Character Still Counts

The Path to Greater Influence


Last month, we explored how chemistry is the first of the four tumblers that lock up influence. This month, we tackle the second key element: character, which, along with chemistry, forms the relational aspect of trust.

Recently, I worked with a leader struggling with an employee’s engagement at work. The leader thought the team member was lazy and job-hunting, despite their immense previous demonstrated value. Instead of taking drastic action, the leader communicated their loss of trust and influence. The team member, surprised, revealed they were dealing with intense personal issues. Understanding this, the relationship improved, and the leader offered better support. This taught the leader that character matters deeply and that asking deeper questions is crucial.

When evaluating character, we ask key questions about integrity and motives. In the story above once it came to light why the person was no longer acting congruently with previous performance trust was restored. Integrity, linked to "integer," means a whole, undivided number. Someone with integrity acts consistently and wholly. We are attracted to people of integrity because of their reliability. Conversely, we feel disappointed when leaders we respect lack integrity.

Another critical question is, "Are you for me or for yourself?" We quickly judge someone's character by assessing their motives. When given the choice we prefer being around people who are for us and take an interest in our success.  It becomes evident if someone is just looking out for themselves. For example, consider a car salesperson who's only interested in selling versus one who takes time to your needs and might even recommend a competitor. The latter shows genuine concern and undivided character while the former salesperson is just looking to make the commission.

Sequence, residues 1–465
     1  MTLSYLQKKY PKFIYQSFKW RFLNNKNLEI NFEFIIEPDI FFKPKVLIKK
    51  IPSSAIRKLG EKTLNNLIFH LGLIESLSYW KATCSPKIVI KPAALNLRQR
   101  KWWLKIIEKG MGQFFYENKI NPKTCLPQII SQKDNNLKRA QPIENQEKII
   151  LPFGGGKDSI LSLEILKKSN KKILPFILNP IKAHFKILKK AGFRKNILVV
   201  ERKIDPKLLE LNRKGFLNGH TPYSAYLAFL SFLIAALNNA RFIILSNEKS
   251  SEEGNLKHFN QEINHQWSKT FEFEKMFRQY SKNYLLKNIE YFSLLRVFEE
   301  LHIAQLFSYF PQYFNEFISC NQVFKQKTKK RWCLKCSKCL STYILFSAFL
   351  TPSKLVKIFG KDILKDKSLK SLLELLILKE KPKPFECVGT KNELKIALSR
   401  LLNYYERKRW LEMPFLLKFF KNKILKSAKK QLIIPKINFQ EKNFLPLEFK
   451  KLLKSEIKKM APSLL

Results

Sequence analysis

While we can quickly make snap judgments, we learned from the leader above that those judgments are not always correct.  It can take time to assess someone’s character.  Look for how they are accountable to others and allow others to give them feedback on certain situations.  Find consistencies in their life.  Do they act one way on Monday through Friday and then on the weekends they are a completely different person?  Observe how they bring empathy, generosity, and respect to relationships.  These are markers of someone with a character worthy of being trusted.

Beware of the trap of character judgments, as the leader from our story learned. We often ignore our flaws while scrutinizing others. This is the fundamental attribution error—attributing others’ mistakes to character while excusing our own. For instance, if someone is late, we might label them irresponsible without considering other factors. Yet, when we are late, we seldom question our character.

This month, pay attention to how you evaluate character, including your own. Are you showing others that you are for them, not just for yourself? When you have a genuine concern for others, you build a foundation of trust that enhances your leadership and strengthens your team, your family, your friends, and the community in which you live.